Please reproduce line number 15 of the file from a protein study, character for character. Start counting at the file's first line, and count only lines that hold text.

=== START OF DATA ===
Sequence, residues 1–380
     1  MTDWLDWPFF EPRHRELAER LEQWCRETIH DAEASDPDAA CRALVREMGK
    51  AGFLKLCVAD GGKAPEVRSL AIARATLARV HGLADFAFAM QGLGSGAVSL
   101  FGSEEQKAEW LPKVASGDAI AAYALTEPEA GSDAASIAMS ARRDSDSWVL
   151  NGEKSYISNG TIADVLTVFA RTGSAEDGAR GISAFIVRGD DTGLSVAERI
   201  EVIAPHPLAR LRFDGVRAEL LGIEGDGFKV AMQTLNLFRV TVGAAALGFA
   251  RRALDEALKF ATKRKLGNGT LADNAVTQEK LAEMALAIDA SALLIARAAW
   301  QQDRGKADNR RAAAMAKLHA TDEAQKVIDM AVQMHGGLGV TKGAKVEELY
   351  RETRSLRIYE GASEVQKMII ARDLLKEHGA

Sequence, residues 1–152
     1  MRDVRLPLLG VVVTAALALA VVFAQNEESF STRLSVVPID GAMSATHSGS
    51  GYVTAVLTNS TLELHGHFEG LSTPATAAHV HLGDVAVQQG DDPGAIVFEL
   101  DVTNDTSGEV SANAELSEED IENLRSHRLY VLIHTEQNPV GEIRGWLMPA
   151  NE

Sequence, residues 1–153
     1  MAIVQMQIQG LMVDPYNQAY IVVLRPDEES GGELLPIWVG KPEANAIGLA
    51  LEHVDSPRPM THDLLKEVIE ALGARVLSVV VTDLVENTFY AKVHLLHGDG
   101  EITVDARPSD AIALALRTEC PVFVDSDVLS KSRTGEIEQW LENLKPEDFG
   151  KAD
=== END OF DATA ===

Sequence, residues 1–153